Nedarim 25 - Tricks when taking an oath
Just as one can make a vow to motivate his friend to eat with him, and the vow won't be binding, since he only meant it for friendly coercion, so one can take a similar oath, which will be no oath at all, and he won't violate a prohibition of swearing falsely.
For example, one can say, "I swear, and let all the fruit of this world be prohibited to me, if I have not seen on the road as many as pilgrims going to Jerusalem!"
But perhaps he saw ants, and calls them "pilgrims," and is this swearing truly!? - No, that cannot be, because anyone who takes an oath does so on normal people's understanding of words, not on his terms.
But if so, why does the standard formulas mentioned "swear on our understanding, not on yours?" - That is to prevent incidents like the following. One person was going to swear that he returned the money to his fellow, who left it for for safekeeping. He put the coins in a walking stick, asked the depositor to hold the stick while he himself was holding the Torah scroll, and swore that he returned the money and that it was in the depositor's hands. At which the depositor became so infuriated that the broke the stick, the money fell out, and it came out the that man swore truly.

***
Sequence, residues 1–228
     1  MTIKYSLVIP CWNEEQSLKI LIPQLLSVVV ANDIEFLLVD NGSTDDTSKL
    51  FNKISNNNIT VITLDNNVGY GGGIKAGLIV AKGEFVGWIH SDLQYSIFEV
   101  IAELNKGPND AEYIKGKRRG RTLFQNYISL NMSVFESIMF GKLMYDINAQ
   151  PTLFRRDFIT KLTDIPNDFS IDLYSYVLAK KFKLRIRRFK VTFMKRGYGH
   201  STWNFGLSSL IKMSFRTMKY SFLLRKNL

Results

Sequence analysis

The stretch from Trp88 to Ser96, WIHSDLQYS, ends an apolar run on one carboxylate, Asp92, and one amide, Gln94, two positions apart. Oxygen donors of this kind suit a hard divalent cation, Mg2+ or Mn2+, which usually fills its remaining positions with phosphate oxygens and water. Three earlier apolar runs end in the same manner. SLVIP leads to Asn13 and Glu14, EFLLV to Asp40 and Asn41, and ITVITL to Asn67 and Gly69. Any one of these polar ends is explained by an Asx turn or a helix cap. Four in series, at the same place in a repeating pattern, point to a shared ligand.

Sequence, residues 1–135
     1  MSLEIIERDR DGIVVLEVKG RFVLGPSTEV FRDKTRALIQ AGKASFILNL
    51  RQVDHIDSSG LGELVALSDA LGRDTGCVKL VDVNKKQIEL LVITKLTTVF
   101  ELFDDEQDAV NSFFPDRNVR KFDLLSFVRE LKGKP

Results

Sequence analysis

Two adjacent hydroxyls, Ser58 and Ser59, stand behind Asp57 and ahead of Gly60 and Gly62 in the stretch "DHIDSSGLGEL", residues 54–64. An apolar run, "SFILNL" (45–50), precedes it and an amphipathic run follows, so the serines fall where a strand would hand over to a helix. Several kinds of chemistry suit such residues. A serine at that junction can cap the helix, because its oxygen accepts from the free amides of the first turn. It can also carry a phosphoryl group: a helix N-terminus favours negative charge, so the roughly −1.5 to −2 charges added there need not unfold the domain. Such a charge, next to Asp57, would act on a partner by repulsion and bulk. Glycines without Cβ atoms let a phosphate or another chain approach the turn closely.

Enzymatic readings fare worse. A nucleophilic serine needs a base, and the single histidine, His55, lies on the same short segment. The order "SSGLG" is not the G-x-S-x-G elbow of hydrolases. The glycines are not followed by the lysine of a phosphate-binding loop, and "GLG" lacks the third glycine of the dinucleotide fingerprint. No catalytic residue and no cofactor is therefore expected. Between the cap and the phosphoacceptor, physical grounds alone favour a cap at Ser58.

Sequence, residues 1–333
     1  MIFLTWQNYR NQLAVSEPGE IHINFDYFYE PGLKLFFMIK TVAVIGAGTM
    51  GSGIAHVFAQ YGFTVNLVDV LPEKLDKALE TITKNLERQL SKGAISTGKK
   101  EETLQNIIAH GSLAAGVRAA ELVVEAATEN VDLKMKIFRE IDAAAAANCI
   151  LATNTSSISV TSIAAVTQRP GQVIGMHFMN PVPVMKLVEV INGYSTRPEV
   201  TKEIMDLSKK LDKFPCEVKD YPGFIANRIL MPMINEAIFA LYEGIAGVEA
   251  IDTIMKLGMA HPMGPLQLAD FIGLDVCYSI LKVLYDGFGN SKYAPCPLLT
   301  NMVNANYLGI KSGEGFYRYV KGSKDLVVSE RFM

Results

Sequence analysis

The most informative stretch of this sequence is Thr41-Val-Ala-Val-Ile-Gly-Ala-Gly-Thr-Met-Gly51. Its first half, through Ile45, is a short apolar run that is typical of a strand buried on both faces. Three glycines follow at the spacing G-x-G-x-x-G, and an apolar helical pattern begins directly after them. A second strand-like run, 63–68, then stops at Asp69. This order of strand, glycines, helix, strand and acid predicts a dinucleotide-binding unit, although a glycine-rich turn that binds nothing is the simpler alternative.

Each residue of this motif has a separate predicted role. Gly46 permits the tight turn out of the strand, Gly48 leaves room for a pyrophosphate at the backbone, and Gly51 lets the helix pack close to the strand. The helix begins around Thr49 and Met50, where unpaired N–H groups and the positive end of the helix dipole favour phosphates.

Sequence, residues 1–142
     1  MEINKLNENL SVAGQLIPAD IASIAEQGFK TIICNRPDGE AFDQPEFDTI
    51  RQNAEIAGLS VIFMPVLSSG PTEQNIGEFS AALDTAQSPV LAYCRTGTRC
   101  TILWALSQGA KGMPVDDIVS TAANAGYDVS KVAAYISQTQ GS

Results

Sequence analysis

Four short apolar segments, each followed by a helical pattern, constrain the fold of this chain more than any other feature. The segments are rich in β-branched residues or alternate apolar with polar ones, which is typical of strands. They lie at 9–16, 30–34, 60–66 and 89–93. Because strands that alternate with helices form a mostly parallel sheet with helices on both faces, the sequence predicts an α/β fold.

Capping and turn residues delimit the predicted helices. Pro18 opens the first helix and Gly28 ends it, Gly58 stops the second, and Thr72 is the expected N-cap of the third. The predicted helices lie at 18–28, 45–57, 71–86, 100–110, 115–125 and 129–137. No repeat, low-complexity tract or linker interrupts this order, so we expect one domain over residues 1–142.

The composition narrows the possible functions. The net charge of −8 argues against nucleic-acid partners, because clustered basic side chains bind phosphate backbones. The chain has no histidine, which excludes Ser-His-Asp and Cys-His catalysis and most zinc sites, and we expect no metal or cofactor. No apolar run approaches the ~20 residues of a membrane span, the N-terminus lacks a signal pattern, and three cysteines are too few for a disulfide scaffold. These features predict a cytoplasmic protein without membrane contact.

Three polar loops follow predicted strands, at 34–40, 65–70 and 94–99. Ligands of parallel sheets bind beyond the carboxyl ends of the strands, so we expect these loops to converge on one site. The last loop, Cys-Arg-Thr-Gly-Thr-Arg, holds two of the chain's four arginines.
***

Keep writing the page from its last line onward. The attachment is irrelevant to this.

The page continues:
But did not Moses himself say, "Keep in mind that you swear today to observe the Torah, and do this on mine and God's understanding of this?" The Talmud then discusses all possible ways of how Moses could have put this into the oath to make the contract unbreakable, but finds ways to misinterpret them and to get out from under the obligation. In the end, the Talmud finds an unbreakable verbiage which is more complex though, so it tells that Moses just used the shortest way.
Art:An Old Woman Weighing Gold Coins by Rembrandt School